However, a monomorphism need not be left-invertible. Examples Edit Every morphism in a concrete category whose underlying function is injective is a monomorphism; in other words, if morphisms are actually functions between sets, then any morphism which is a one-to-one function will necessarily be a monomorphism in the categorical sense. In the category of sets the converse also holds, so the monomorphisms are exactly the injective morphisms. The converse also holds in most naturally occurring categories of algebras because of the existence of a free object on one generator. In particular, it is true in the categories of all groups, of all rings, and in any abelian category. It is not true in general, however, that all monomorphisms must be injective in other categories; that is, there are settings in which the morphisms are functions between sets, but one can have a function that is not injective and yet is a monomorphism in the categorical sense.
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Other textbooks[ edit ] Awodey, Steven Category Theory Oxford Logic Guides Oxford University Press. Borceux, Francis Handbook of categorical algebra Encyclopedia of Mathematics and its Applications Cambridge Univ.
Freyd, Peter J. Categories, allegories North Holland Mathematical Library North Holland. Hatcher, William S. The Logical Foundations of Mathematics, 2nd ed. Sets for mathematics. Cambridge University Press. Conceptual mathematics: a first introduction to categories. McLarty, Colin Elementary Categories, Elementary Toposes. Mac Lane, Saunders Graduate Texts in Mathematics 5.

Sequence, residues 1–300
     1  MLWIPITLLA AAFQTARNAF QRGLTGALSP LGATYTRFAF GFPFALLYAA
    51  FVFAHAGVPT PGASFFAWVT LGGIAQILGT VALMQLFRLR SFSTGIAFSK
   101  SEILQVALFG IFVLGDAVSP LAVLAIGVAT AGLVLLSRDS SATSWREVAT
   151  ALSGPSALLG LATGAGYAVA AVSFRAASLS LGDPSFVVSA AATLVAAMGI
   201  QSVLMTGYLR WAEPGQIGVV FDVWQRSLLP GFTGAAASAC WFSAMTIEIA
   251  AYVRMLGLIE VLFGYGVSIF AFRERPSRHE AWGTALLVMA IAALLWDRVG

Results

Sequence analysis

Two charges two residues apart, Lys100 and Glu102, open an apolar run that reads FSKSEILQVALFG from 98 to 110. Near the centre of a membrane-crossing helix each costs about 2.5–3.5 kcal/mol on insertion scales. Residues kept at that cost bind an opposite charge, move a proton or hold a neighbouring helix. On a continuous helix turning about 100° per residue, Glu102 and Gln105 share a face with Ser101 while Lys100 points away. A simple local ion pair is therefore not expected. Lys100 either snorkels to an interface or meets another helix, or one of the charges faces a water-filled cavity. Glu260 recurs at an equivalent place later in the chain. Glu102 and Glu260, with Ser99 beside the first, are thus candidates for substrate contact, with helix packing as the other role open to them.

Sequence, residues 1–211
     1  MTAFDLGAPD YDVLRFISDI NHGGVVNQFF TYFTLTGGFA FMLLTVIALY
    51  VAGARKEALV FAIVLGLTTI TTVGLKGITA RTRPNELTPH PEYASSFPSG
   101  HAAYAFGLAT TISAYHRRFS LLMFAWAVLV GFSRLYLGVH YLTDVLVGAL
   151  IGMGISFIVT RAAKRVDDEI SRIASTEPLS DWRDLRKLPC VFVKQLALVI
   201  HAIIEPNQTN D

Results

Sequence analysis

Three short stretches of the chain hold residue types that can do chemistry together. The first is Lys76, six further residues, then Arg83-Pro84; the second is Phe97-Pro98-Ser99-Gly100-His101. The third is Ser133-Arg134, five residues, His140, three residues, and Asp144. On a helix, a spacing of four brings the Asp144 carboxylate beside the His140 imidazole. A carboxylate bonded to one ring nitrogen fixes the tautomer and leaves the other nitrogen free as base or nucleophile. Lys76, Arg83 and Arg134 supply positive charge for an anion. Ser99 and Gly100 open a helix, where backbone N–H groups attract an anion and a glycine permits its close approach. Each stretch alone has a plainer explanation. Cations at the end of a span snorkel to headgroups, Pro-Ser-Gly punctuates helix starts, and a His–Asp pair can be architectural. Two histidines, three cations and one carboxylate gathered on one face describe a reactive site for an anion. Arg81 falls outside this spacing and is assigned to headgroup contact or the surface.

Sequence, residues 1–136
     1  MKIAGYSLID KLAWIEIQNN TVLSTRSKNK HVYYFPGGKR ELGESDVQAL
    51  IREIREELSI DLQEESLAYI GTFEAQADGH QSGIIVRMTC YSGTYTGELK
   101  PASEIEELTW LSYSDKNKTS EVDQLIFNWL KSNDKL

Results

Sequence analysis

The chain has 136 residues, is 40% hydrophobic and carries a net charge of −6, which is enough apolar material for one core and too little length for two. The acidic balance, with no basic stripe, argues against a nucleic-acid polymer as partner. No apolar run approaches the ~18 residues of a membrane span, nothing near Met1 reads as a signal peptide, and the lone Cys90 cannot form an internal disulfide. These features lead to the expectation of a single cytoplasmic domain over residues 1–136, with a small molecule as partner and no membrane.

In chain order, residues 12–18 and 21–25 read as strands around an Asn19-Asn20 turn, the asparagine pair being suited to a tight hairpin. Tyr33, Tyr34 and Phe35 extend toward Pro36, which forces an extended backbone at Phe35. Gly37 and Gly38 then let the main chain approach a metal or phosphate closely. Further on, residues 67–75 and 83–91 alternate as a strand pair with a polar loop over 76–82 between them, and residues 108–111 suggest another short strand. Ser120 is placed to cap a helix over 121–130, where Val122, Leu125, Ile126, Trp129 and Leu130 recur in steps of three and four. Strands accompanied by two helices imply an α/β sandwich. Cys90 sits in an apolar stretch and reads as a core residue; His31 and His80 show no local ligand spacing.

ISBN An introduction to the subject making judicious use of category theoretic concepts, especially commutative diagrams. May, Peter A Concise Course in Algebraic Topology. Categorical foundations Encyclopedia of Mathematics and its Applications Pierce, Benjamin Basic Category Theory for Computer Scientists. MIT Press. Taylor, Paul Practical Foundations of Mathematics.
An introduction to the connection between category theory and constructive mathematics.
A reasonable estimate of the number of these different items would be somewhere between 50, and , Many of these have been named and many more could and perhaps should have a name or a convenient designation. Even the nonspecialist is likely to encounter most of these, either somewhere in the literature, disguised as a definition or a theorem or to hear about them and feel the need for more information. If this happens, one should be able to find enough information in this Handbook to judge if it is worthwhile to pursue the quest. In addition to the primary information given in the Handbook, there are references to relevant articles, books or lecture notes to help the reader.
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